Treble is vivid, vibrant, detailed, with a well-controlled level of clarity and definition which despite its more revealing nature still keeps it natural and airy. That was another interesting phenomenon where you almost expect treble to be bright and harsh, but instead it is very detailed and vivid and still well controlled. Again, have to pay close attention to eartips selection where I found eartips with wider bore opening or softer cap to make treble sound harsher and even sibilant to my ears.
Despite tri-hybrid design with BA/DD/dual-EST drivers, overall tuning is surprisingly coherent, with all drivers working in a nearly perfect unison.
Soundstage is wide and deep, approaching holographic level. But I also found an interesting phenomenon with imagining and positioning of instruments and vocals. Imaging has a good placement of instruments and vocals with a very accurate and convincing positioning allowing to pin-point every element in the song. The imaging is nearly 3D, putting you as a listener right in the middle, surrounded by the sounds. But, in a number of tracks I found vocals to be closer to me, giving them a little more intimacy. It wasn’t like that in every track, but some had vocals placed closer to me while the rest of instruments where spreading further out. Part of it was also related to eartips selection.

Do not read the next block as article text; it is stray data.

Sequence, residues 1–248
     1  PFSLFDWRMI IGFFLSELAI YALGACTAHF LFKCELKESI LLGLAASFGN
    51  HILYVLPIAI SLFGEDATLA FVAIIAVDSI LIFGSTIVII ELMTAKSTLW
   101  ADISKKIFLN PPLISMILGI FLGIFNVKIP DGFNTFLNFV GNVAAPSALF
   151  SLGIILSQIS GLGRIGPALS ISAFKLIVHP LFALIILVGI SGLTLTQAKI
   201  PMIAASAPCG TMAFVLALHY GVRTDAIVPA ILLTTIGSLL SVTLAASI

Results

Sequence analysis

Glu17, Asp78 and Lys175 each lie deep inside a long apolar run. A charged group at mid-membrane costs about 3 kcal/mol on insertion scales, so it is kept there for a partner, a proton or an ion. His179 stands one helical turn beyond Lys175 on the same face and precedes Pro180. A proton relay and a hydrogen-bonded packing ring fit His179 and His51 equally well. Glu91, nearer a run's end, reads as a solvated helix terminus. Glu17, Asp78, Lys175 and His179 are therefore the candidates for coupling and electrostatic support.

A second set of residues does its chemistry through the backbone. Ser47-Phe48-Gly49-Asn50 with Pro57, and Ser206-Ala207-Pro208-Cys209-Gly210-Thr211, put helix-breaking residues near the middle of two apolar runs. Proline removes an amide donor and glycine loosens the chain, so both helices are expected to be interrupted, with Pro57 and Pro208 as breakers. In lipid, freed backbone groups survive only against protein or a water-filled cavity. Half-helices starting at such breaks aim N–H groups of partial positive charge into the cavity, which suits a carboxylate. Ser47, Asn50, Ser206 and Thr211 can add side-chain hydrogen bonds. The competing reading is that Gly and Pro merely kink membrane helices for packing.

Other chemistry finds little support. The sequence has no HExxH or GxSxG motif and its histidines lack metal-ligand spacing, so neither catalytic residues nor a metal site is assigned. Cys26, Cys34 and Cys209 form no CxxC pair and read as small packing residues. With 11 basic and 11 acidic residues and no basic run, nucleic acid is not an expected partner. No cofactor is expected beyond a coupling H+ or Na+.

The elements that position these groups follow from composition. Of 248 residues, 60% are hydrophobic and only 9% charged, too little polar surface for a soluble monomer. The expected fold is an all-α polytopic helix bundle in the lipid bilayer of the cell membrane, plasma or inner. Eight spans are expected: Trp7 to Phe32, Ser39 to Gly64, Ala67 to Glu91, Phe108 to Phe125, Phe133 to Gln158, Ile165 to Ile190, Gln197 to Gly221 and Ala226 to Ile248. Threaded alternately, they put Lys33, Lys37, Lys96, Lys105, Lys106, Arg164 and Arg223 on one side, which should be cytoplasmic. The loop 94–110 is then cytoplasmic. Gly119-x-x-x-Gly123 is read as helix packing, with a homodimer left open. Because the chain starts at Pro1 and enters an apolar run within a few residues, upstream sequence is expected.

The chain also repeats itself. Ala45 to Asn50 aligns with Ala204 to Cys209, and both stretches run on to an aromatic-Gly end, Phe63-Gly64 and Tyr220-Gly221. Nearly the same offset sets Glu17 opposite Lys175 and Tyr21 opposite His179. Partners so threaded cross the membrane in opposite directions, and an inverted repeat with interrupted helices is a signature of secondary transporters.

Of course, isolation will be eartips depended as well, but in general Ely felt like a custom CIEM in my ears with a very secure fit and excellent sound isolation.
As I already mentioned, eartips selection plays a very important role in Ely’s sound-shaping.
SpinFit – fast elevated bass, transparent natural mids, vivid controlled treble.
EPros Horn-shaped – while these included eartips might work with some other IEMs, here it was clearly a wrong choice since the diameter of inner core was too small and required some effort to stretch these over the nozzle, and even with Large size pair, the soft rubber cap killed the seal and attenuated the bass. Personally, I would not recommend these with Ely.
AZLA Sedna – fast elevated bass, transparent natural mids, vivid controlled treble.
JVC Spiral Dots – fast neutral bass, more transparent mids, extra vivid bright treble.
Final Type-E – neutral lean bass, more transparent brighter mids, very vivid treble.
Symbio F – more elevated balanced bass, transparent natural mids, clear natural treble.
I was going back and forth between AZLA Sedna, SpinFit CP145, and Symbio F. I love isolation and grip of Sedna, but after a while my ears got a little sore since I preferred to use larger eartips and the nozzle of Ely is also quite thick. CP145 spent more time in my ears since its olive-shaped tip wedged more comfortably into ear canal, but treble was a little brighter. With Symbio F (foam) tips I had to step down to Medium due to larger size of Ely’s nozzle, but it also gave me the most natural and less aggressive treble response, while still keeping natural organic mids and deep sub-bass rumble. Symbio F losses a little bit of air in sound, but having more natural less harsh treble was a big plus. But I still continue to switch between these three.